?In the novel The Kite Runner by Khaled Hosseini, the story is set in three distinct settings: 1970’s Afghanistan, in the city of Kabul, the USA and modern Afghanistan under the Taliban regime. Despite the different times and places, the social background of these remain the same, dominates by the rulers and norms of Afghan culture. Afghan society is very strict and conservative. There is a class order and Hazara are at the bottom as a servant or peasant class. In this novel, Hosseini used Amir’s guilt and regret about his past to develop the idea that among bitterness and regret lies hope for redemption.
The main characters of the story, Baba and Amir, are Pashtuns, the majority ethnic group in Afghanistan. While Hassan and his father, Ali, are Hazaras, a minority group and the most persecuted ethnic people of Afghanistan. Although Baba has grown up with Ali and does not feel a hatred for the Hazaras, other Pashtuns in the novel, particularly Assef and his Taliban kindred, believe that the Hazaras are only fit for extermination. The first hint of this transition occurs when Amir and Hassan have an encounter with a violent older boy Assef, who wants to persecute Hassan for being a Hazara.
Assef, who believes Hitler was an ideal leader, tells Amir that he is betraying his Pashtun heritage by treating a Hazara boy as his close friend. While Assef’s bigotry outrages Amir, who is unable to think of a response. Ultimately, Hassan stands up to Assef and his lackeys; when Assef and his lackeys threaten to hurt the two younger boys, it is Hassan, not Amir, who saves them both by using his slingshot to drive the bullies away. Amir and Hassan characterize the difference between the haves and the have-nots in society. Hassan is the have-not is the Afghan society.
His family has no social status, he lives in a mud hut and work as a servant along with his father in Baba’s household. Hassan faces life head on and deals with it. He has the faith to show him the way. Hassan and Ali practice their religion a lot, unlike Baba who smokes and drinks a lot. The Hazaras seem to rely on their religion a lot because it is the only aspect in their lives that they have some control over. The difference in Religion of the Pashtuns and Hazaras are two different branches of Islam, which is one of the reasons for the conflict with one another.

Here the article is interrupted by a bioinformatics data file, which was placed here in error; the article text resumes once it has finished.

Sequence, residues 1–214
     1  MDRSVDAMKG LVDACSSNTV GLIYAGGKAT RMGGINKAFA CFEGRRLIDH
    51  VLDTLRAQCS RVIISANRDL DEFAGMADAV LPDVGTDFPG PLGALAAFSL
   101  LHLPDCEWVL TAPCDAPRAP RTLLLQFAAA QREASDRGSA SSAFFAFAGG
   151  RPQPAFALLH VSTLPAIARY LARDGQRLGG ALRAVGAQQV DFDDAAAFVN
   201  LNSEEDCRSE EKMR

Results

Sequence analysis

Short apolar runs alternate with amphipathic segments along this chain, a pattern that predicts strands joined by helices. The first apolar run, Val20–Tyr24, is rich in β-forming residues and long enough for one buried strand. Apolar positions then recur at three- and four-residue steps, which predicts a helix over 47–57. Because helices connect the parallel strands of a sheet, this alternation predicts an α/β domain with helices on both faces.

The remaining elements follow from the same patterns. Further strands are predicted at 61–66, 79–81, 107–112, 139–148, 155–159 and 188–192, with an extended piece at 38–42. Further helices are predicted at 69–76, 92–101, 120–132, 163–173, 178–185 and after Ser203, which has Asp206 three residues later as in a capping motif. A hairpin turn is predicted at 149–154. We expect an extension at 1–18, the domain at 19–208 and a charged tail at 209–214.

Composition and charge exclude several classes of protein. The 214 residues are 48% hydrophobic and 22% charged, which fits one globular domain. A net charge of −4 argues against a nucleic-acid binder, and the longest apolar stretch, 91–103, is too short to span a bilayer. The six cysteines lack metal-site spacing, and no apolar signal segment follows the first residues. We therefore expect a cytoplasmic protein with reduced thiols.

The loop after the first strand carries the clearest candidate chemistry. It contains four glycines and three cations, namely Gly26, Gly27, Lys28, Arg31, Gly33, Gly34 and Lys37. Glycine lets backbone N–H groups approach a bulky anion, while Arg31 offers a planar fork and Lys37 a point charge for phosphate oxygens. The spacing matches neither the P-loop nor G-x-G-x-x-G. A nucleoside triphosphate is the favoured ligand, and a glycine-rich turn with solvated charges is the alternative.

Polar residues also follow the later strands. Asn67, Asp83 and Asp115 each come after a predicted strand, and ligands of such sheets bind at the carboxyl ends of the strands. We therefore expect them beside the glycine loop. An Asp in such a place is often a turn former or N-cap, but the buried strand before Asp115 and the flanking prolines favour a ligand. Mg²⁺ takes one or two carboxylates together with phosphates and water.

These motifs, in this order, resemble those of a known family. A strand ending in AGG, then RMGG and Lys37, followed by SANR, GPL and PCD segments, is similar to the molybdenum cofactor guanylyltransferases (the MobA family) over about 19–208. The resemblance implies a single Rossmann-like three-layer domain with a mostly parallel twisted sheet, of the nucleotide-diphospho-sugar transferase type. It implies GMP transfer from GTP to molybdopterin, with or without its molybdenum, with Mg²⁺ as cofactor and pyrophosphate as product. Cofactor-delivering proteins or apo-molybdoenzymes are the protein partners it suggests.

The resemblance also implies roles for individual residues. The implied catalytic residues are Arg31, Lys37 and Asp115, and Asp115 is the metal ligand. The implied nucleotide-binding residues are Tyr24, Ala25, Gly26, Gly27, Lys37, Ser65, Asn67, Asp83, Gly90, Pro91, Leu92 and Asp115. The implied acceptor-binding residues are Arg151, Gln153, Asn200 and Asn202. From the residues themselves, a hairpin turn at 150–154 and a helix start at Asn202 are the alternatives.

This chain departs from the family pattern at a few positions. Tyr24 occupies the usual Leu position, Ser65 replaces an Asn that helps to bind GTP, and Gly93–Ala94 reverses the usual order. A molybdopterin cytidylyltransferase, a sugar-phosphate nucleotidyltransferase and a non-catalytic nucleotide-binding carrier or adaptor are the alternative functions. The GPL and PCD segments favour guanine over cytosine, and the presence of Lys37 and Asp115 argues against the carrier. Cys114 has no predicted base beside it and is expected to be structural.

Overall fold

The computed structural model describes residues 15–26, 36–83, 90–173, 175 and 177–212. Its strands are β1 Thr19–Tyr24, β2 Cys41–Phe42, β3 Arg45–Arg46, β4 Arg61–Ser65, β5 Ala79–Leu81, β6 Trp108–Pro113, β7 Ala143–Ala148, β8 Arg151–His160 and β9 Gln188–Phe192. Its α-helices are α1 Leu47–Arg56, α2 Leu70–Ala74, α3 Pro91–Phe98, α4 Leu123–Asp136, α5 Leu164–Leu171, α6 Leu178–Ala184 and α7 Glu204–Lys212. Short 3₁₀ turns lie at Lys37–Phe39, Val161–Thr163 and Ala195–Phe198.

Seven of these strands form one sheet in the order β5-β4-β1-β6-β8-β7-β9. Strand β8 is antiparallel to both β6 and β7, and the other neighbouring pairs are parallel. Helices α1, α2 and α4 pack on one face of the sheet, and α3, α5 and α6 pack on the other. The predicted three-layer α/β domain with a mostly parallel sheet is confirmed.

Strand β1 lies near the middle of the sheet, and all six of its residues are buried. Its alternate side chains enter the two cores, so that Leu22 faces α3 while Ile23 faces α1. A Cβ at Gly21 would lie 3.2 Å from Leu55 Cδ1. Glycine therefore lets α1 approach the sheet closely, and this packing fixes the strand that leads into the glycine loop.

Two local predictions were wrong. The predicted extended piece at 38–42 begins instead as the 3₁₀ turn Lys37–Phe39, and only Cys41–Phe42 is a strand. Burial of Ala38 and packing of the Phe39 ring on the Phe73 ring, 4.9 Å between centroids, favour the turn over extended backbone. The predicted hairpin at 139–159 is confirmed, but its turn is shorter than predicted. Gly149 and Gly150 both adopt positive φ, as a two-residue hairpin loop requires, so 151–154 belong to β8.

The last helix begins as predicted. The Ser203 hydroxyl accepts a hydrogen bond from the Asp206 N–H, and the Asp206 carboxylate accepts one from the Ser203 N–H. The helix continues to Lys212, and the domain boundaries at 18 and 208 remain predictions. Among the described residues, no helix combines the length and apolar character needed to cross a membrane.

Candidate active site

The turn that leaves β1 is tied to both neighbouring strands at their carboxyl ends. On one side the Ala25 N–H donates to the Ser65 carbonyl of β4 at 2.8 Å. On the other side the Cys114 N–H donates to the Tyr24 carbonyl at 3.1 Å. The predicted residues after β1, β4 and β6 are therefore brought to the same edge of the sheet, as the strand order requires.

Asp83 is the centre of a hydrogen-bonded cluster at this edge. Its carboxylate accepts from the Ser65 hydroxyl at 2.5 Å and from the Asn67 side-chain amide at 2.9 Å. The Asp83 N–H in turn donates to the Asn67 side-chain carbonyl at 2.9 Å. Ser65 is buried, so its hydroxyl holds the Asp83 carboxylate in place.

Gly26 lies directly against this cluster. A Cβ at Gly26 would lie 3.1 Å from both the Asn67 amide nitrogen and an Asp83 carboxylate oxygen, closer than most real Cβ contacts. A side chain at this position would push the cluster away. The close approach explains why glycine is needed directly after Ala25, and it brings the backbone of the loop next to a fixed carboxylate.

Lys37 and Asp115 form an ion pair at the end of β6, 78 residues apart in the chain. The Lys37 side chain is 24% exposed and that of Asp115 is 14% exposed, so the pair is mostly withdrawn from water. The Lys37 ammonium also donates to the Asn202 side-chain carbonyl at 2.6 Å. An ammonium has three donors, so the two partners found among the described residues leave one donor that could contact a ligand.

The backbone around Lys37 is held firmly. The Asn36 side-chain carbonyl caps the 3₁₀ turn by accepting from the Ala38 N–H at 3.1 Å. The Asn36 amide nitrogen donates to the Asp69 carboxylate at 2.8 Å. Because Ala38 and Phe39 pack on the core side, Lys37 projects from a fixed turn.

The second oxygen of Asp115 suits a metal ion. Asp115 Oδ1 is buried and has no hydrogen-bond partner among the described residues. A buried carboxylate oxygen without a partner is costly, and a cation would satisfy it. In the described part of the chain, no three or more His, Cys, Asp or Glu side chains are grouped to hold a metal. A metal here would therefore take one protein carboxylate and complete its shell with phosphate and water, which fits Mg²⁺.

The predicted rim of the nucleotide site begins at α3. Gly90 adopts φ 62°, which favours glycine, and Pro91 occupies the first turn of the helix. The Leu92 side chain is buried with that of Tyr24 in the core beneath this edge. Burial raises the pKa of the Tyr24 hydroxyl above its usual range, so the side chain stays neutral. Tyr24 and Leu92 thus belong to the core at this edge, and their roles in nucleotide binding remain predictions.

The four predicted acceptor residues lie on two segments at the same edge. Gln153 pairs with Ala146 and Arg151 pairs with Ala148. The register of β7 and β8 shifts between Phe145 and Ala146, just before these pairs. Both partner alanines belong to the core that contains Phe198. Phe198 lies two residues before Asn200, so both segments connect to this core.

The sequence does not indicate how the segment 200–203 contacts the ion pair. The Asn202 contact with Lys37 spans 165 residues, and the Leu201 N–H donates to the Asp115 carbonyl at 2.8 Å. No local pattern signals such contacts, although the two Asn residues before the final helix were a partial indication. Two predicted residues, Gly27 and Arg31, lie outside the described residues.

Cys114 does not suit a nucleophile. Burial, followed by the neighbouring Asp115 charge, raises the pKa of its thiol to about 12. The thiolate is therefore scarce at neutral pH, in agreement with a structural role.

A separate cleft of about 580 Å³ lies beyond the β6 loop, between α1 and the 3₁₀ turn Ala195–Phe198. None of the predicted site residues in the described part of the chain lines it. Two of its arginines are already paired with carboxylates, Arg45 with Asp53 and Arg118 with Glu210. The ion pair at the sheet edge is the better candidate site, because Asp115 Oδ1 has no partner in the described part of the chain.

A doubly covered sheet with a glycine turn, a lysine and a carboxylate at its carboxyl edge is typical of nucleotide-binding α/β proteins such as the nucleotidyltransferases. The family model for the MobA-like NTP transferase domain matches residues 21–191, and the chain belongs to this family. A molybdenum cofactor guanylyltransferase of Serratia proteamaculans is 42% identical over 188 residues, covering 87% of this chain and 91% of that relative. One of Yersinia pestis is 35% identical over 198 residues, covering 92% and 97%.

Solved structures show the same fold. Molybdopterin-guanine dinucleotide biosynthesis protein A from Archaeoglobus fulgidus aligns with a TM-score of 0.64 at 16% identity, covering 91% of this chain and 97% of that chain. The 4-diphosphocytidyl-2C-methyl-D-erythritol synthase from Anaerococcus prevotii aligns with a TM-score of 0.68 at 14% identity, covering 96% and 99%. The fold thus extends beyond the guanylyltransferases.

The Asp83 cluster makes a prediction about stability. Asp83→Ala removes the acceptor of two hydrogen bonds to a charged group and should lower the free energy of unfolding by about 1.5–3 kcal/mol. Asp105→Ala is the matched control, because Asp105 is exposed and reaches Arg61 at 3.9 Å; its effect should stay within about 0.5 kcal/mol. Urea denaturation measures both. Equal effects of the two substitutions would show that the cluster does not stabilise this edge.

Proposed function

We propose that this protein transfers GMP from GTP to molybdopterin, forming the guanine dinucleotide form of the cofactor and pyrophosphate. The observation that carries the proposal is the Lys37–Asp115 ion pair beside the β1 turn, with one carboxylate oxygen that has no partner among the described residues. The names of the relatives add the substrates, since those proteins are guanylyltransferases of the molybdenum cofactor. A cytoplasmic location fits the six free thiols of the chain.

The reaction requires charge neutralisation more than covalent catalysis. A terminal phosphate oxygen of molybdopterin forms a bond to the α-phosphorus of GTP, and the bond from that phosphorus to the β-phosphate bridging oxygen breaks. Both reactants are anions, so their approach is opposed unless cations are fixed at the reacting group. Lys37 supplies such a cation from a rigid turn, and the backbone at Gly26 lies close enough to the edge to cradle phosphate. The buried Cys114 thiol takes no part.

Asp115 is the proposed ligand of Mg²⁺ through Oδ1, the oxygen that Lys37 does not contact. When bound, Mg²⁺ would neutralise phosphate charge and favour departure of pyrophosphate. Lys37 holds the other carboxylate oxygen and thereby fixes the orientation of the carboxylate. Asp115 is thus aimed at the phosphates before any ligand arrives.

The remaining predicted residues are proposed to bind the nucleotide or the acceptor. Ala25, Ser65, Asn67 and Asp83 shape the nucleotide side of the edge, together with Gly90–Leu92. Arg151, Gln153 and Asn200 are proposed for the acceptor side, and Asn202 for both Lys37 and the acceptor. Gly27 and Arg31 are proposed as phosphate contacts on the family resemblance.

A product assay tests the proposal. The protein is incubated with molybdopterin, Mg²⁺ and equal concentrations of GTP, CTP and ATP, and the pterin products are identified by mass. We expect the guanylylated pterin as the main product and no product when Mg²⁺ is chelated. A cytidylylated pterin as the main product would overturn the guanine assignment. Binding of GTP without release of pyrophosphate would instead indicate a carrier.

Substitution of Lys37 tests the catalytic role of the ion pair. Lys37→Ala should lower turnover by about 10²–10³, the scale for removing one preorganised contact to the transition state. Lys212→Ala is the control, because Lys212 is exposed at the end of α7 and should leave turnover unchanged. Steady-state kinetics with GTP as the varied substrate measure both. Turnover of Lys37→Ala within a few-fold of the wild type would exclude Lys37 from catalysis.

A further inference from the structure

Amir, on the other hand, questions life, himself, his father, and even his loyal friend. His existence is constant turmoil and unhappiness. Amir has everything such as a house, education, books and possessions. What he does not truly have is his father’s attention and faith in religion. Amir’s quest to redeem himself makes up the heart of the novel. Early on, Amir strives to redeem himself in Baba’s eyes, primarily because his mother died giving birth to him, and he feels responsible.
To redeem himself to Baba, Amir thinks he must win the kite-tournament and bring Baba the losing kites, both which are inciting incidents that set the rest of the novel in motion. The more substantial part of Amir’s search for redemption, however, stems from his guilt regarding Hassan. Amir’s selfish ways were a result of the lack of his father’s affection in his life. As a young boy, he was forced to deal with his father’s disinterest in him, which made him incredibly jealous of Hassan.
As the tension increases between Amir and Hassan, Amir can no longer stand to see Hassan every day because he could not stand seeing his father showing Hassan love and not him. Amir places his watch under Hassan’s pillow and accuses him of stealing it. Hassan did not even deny the accusations because he had figured out what Amir was doing. “Hassan knew. He knew I had betrayed him and yet he was rescuing me once again, maybe for the last time. ” (pg. 111) His entire life is shaped by the moments of his past and Amir cannot move forward.
That guilt derives the climactic events of the story, including Amir’s journey to Kabul to find Sohrab and his confrontation with Assef. Baba’s words still echo through Amir’s head, “A boy who doesn’t stand up for himself becomes a man who can’t stand up to anything. ” (pg 24) As a boy, Amir falls to stands up for himself. As an adult, he can only redeem himself by proving he has the courage to stand up for what is right. From the moment he chose to turn his back on Hassan, there were many chances where “There’s a ways to be good again” (pg. 238) for all his wrongdoings, but he chose not to take any of these.